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22 Million Americans Are Unemployed Or Underemployed

The economy added 88,000 jobs last month, according to today's disappointing jobs report. That's not even enough to keep up with population growth.

As of March, 11.7 million people were unemployed. But that number doesn't include people who were working part time because they couldn't find a full-time job. It also doesn't include people who wanted a job but haven't looked for work in the past four weeks.

There's another measure that does include these people, and it's one we've been following over the past few years. It's sometimes referred to as broader unemployment, or, if you want to be super wonky, U-6.

As of March, the broader unemployment rate was 13.8 percent. Some 21.9 million people fell into this category, roughly twice the number counted in the basic unemployment figure. That's well below the peak of 28 million from a few years ago — but it's far higher than it was in October of '06, when the number hit its pre-recession low.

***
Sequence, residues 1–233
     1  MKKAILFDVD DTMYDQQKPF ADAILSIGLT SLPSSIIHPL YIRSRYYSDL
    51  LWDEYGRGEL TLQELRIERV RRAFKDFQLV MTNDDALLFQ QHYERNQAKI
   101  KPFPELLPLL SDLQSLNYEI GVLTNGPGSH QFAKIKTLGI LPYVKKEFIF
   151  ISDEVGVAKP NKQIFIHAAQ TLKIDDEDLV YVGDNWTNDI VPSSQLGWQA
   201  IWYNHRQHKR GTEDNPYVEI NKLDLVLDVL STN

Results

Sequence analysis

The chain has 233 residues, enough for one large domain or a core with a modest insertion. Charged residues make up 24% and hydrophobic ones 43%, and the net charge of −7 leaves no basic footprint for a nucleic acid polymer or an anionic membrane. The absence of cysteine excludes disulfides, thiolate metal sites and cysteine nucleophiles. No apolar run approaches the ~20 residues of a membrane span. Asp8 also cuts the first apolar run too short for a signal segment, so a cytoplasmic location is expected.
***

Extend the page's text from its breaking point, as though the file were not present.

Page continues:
Note: We updated this post this morning, when the latest jobs numbers came out.

Copyright 2023 NPR. To see more, visit https://www.npr.org.

Jacob Goldstein is an NPR correspondent and co-host of the Planet Money podcast. He is the author of the book Money: The True Story of a Made-Up Thing.
Lam Thuy Vo
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